Whether you prefer the finesse and precision of fly fishing or the versatility and accessibility of spin fishing, several techniques and strategies can help you improve your chances of catching these elusive and highly prized fish. 

With the right equipment, techniques, and knowledge, you can enjoy a successful and rewarding fishing experience while contributing to the conservation and management of Bonneville cutthroat populations in Idaho.

Let’s explore some of the most successful fishing techniques and tips for catching Bonneville cutthroat trout. 

Fly Fishing

Fly fishing is one of the most popular techniques for catching Bonneville cutthroat trout in Idaho, with various recommended flies and patterns available. Successful techniques include:

  • Dry fly fishing
  • Nymphing
  • Streamer fishing

Recommended flies and patterns for Bonneville cutthroat trout include dry flies such as the Adams and the Elk Hair Caddis, as well as nymph patterns like the Pheasant Tail and Hare’s Ear. Streamer patterns like the Woolly Bugger and the Clouser Minnow can also be effective.

Successful casting techniques for fly fishing include roll casting, overhead casting, and sidearm casting, with various casting styles and techniques to suit different fishing situations.

Spin Fishing

Spin fishing is another popular technique for catching Bonneville cutthroat trout in Idaho, with various recommended lures and bait available. Successful techniques include using lures such as spinners, spoons, and jigs, as well as live bait like worms and insects.

Recommended lures and bait for Bonneville cutthroat trout include:

  • Spinners like the Panther Martin and Mepps
  • Spoons like the Daredevil and Krocodile
  • Jigs like the Marabou Jig and the Hair Jig

Live bait like worms and grasshoppers can also be effective.

Successful retrieval techniques for spin fishing include:

  • Steady retrieves
  • Stop-and-go retrieves
  • Jigging

Different techniques and styles exist to suit different fishing situations.

Fishing Regulations And Ethics

To ensure responsible angling for Bonneville cutthroat trout in Idaho, following regulations and ethical guidelines is important.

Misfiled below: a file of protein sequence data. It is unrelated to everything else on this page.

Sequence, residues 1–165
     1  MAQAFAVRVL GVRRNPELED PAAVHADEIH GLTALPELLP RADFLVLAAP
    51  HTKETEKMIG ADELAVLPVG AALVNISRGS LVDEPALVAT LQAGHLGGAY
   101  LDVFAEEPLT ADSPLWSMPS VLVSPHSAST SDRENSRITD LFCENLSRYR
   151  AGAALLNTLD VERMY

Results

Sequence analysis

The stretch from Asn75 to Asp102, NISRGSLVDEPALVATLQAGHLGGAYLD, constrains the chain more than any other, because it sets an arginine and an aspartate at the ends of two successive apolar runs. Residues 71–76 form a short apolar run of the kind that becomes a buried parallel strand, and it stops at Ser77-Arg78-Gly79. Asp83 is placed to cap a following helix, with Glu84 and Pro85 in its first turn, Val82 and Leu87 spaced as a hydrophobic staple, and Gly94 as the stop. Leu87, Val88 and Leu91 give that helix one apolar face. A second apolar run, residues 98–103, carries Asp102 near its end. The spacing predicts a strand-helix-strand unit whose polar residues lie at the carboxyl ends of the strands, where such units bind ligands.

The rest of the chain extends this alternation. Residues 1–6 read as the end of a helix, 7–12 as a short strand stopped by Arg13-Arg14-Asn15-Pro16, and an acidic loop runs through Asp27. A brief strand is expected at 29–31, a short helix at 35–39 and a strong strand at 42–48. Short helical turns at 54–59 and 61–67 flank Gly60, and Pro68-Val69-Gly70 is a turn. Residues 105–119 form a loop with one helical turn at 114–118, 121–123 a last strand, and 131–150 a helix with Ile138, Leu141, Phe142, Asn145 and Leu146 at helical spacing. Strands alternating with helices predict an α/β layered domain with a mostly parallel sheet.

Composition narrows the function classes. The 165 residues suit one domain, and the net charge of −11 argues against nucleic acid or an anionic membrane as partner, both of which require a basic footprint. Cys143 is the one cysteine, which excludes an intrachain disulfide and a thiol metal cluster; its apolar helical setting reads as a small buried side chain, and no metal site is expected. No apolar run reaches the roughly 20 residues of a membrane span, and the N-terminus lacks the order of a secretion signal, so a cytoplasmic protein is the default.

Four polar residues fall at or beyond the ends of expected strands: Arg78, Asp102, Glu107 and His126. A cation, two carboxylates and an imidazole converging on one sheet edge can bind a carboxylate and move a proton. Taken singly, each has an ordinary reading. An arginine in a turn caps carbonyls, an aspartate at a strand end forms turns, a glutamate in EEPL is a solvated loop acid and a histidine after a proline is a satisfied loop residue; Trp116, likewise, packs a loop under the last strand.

• Seasonal restrictions. Seasonal restrictions may be in place to protect spawning populations. Anglers should be aware of these restrictions and abide by them.
  • Catch and release guidelines. Catch and release guidelines should be followed to ensure the survival and health of released fish. These guidelines may include using barbless hooks, keeping fish in the water while handling them, and avoiding over-handling or injuring the fish.
  • Respect for private property and access. Anglers should respect private property and access rights, obtaining necessary permits and permissions.

The Future Of Bonneville Cutthroats In Idaho

The future of Bonneville cutthroats in Idaho depends on continued efforts to protect and restore its habitat and populations. Let’s explore some of the main factors that will influence the future of this iconic fish species in Idaho.

Climate Change

This is expected to significantly impact Bonneville cutthroat trout populations in Idaho. In addition, increasing temperatures and changes in precipitation patterns can lead to changes in streamflow and water temperatures. 

These changes could reduce the availability of suitable habitats and negatively impact the reproduction and survival of Bonneville cutthroat trout populations.

Non-Native Species

These pose a significant threat to Bonneville cutthroat trout populations in Idaho. In addition, species such as brown trout and smallmouth bass compete with and prey on Bonneville cutthroat trout. 

The continued introduction of non-native species could further threaten the viability of Bonneville cutthroat populations in the future.

Conservation And Restoration Efforts

Conservation and restoration efforts will play a critical role in the future of Bonneville cutthroats in Idaho. 

Ongoing efforts to protect and restore the species and its habitat will be essential to ensuring the long-term viability of Bonneville cutthroat trout populations in the state. They include

  • Removing barriers to fish passage
  • Restoring riparian vegetation
  • Developing management plans to reduce the impact of non-native species

Implications For The Future

The future of Bonneville cutthroat trout in Idaho is uncertain. But continued efforts to protect and restore its habitat and populations offer hope for its long-term viability. 

We can ensure that these native species continue to play a valuable role in the ecological and cultural heritage of the Bonneville Basin for generations to come by:

  • Addressing the challenges posed by climate change and non-native species
  • Investing in conservation and restoration efforts

Key Takeaways

The Bonneville cutthroat trout plays an important ecological and cultural role in Idaho. While populations have declined in recent years due to various factors, ongoing conservation and restoration efforts offer hope for the recovery of this native species.

By protecting and restoring the habitat of Bonneville cutthroat trout, addressing the challenges posed by climate change and non-native species, and promoting responsible fishing practices, we can ensure the long-term viability of this species and support sustainable recreational fishing in Idaho.

The photo featured at the top of this post is © Matt Jeppson/Shutterstock.com


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About the Author

Alan is a freelance writer and an avid traveler. He specializes in travel content. When he visits home he enjoys spending time with his family Rottie, Opie.